House Passes Bill to Extend FISA Outside the US Surveillance Authority
September 12, 2012. The House passed HR 5949 [LOC | WW], the "FISA Amendments Act Reauthorization Act of 2012", without amendment, by a vote of 301-118. See, Roll Call No. 569.
Republicans voted 227-7. Democrats voted 74-111. President Obama publicly supported this bill. See, story titled "Obama Backs FISA Bill" in TLJ Daily E-Mail Alert No. 2,446, September 12, 2012.
The Senate has not yet passed its version of the bill, S 3276 [LOC | WW]. Sen. Ron Wyden (D-OR), who opposed the bill in the Senate Intelligence Committee (HIC), has placed a hold on the bill.
This bill would extend for five years government authority to conduct surveillance related to persons "outside" the US, without individualized court approval. Surveillance of persons "outside of the United States" is a term of art that also enables surveillance of persons inside of the US who fall within the protection of the 4th Amendment.
Rep. Lamar Smith (R-TX) stated in the House that "America and its allies continue to face national security threats from foreign nations, spies, and terrorist organizations. Our national security agencies must be able to conduct surveillance of foreign terrorists and others so we can stop them before they disable our defenses, carry out a plot against our country, or kill innocent Americans." See, Congressional Record, September 26, 2012, at Page H5891.
Rep. Zoe Lofgren (D-CA) stated that the 2008 Act "raises several serious constitutional and civil liberties issues that Congress needs to address and has not addressed in this bill".
Rep. Lofgren argued that "Congress should prohibit the Federal Government from intentionally searching for information on a U.S. person in a data pool amassed lawfully under section 702 of FISA -- should such a data ever be amassed--unless the searching official has a warrant."
Section 702 of the FISA, which is codified at 50 U.S.C. ß 1881a, contains the "outside" the US surveillance authority.
Rep. Jerrold Nadler (D-NY) also spoke in opposition. He said that Rep. John Conyers (D-MI) "had an amendment that would have shortened the sunset by 2 years, but we won't even have a chance to consider it, perhaps because some of our Republican colleagues might also want to support such an amendment. As a result, we will not revisit the law until after the end of the next presidential term."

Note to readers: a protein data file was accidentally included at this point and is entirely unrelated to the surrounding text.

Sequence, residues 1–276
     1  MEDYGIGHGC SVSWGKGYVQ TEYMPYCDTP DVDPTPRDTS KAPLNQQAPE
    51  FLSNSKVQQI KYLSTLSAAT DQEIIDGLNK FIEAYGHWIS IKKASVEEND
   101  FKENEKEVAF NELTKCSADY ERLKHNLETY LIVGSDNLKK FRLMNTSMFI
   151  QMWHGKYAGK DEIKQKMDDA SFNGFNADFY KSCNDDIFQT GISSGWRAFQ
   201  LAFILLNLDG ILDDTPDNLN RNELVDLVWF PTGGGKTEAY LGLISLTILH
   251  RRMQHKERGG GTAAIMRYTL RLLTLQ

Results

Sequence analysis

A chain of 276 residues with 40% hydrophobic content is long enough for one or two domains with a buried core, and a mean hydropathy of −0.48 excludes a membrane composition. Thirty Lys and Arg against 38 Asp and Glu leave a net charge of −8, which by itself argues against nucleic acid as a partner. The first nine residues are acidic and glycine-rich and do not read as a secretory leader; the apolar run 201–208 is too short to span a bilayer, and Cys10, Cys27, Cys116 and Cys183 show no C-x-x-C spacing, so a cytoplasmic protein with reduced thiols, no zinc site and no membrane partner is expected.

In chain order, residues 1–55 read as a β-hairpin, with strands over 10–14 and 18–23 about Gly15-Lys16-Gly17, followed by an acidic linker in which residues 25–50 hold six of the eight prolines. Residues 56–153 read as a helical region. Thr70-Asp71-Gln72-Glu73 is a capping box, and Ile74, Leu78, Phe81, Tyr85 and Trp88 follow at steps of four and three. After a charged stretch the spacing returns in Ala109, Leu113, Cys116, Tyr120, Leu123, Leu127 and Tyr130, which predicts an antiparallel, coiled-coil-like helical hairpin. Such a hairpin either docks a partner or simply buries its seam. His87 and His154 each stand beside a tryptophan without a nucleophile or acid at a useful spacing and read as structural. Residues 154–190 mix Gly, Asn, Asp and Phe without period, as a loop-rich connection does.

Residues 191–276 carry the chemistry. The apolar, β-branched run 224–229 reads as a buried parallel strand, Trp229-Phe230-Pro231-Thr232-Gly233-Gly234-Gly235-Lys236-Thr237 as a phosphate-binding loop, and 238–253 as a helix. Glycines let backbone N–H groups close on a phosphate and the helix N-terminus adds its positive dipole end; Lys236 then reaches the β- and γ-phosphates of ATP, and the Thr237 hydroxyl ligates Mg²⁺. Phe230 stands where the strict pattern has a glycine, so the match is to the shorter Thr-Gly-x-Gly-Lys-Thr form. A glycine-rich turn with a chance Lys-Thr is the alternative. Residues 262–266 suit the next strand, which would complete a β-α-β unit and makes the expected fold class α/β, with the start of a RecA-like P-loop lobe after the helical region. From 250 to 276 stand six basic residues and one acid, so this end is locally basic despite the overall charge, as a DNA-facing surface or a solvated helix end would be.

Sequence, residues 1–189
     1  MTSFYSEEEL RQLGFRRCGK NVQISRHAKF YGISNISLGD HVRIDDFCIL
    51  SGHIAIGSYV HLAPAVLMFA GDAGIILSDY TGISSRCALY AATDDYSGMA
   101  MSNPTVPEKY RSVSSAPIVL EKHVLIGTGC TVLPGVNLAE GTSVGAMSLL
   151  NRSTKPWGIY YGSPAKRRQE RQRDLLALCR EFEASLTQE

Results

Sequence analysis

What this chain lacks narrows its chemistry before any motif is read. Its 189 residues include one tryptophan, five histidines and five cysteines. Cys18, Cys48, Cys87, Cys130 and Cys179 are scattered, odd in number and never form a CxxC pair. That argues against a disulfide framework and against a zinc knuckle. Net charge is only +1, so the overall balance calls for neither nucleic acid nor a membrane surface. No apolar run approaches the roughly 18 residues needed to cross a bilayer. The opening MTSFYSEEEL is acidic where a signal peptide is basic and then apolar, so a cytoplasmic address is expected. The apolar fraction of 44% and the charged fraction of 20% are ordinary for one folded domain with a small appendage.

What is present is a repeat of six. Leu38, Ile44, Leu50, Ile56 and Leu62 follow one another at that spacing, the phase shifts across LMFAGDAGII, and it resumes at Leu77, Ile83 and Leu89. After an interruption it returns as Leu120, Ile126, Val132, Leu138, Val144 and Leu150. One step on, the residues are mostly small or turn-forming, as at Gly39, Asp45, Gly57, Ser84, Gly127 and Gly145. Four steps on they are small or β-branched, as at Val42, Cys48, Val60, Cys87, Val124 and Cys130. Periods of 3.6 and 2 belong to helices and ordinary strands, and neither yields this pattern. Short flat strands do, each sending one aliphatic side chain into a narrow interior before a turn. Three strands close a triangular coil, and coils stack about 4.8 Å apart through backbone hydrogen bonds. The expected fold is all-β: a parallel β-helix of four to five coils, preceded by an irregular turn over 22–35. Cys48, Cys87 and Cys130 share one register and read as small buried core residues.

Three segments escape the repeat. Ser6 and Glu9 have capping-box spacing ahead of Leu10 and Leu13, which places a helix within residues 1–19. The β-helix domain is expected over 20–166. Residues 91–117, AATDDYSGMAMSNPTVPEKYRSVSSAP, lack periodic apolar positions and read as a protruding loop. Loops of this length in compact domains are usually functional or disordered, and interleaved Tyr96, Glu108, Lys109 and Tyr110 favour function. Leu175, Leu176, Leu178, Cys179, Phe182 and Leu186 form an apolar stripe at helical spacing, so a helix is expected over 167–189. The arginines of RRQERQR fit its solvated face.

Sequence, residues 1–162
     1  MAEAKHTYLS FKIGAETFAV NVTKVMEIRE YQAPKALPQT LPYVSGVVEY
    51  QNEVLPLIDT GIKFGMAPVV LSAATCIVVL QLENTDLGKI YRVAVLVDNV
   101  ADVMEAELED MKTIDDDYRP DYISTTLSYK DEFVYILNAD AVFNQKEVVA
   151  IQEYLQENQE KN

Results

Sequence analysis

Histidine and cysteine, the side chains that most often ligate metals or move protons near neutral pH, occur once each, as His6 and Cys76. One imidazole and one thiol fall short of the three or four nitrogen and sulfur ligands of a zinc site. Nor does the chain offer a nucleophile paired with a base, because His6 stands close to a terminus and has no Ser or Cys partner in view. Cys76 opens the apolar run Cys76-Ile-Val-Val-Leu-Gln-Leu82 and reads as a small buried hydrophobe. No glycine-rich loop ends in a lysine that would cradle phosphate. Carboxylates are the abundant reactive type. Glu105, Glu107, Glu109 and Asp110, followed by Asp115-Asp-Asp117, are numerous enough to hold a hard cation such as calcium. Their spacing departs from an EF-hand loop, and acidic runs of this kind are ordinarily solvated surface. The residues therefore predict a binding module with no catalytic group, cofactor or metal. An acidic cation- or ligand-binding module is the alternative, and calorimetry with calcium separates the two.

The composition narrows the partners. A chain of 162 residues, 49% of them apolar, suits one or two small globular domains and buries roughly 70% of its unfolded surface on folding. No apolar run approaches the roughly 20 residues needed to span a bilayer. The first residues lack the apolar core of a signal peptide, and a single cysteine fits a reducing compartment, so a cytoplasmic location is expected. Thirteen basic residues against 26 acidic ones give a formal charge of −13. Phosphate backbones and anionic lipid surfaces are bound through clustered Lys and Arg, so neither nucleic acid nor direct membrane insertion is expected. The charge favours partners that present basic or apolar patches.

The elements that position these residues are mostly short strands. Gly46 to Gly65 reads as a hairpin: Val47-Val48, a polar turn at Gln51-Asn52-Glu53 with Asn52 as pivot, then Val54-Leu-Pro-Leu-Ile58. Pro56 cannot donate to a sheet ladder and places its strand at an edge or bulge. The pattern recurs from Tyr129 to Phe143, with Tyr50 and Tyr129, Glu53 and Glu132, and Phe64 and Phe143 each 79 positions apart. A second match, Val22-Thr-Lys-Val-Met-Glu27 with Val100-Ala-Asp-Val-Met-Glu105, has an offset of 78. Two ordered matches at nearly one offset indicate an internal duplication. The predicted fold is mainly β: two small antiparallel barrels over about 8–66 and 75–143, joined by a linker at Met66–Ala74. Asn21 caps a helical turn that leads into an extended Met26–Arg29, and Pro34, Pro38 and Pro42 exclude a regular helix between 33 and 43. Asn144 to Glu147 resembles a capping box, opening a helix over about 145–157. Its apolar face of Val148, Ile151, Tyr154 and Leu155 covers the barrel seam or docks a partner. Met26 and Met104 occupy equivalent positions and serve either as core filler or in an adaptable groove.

Rep. Nadler (at right) also said that "I had an amendment that would have required the Attorney General to make publicly available a summary of each decision of the FISA court and the FISA court of review that includes a significant construction of section 702, which allows warrantless surveillance, with appropriate security redactions and editing."
Rep. Nadler said that "the Republican majority has, once again, told the Members of this House and the American people that it's ``my way or the highway.''"
The Department of Justice (DOJ) and Director of National Intelligence (DNI) have not been forthcoming in reports to Congress, or in testimony before the House Judiciary Committee (HJC) and Senate Judiciary Committee (SJC), regarding how this program is being implemented, and in particular, how many US citizens have had their communications intercepted or accessed.
Ed Black, head of the Computer and Communications Industry Association (CCIA), stated in a release that "CCIA joins members of Congress, privacy advocates and others calling for more information about the scope and operation of the FISA program. Itís important for Congress and citizens to understand how these government surveillance powers are being used and how well the DOJ is following measures within the law to protect basic rights and freedoms. It makes little sense to rubber stamp a program ahead of having the information needed to review it -- thatís why we have this review and renewal period."
He added that "The protests over the SOPA bill showed that people deeply care about their privacy and freedom online. Both parties put Internet freedom in their platforms and Republicans even added that personal data should receive full constitutional protection from government overreach. No one will know if we have overreach or not as the implementation of this law has remained so shrouded in secrecy."
The ACLU stated in a release that the program is "unconstitutional" for violating the 4th Amendment. Indeed, the ACLU has brought a judicial challenge to the 2008 Act.
The ACLU's Michelle Richardson stated in this release that the 2008 Act "authorizes
the National Security Agency to conduct dragnet surveillance of Americansí international
emails and phone calls".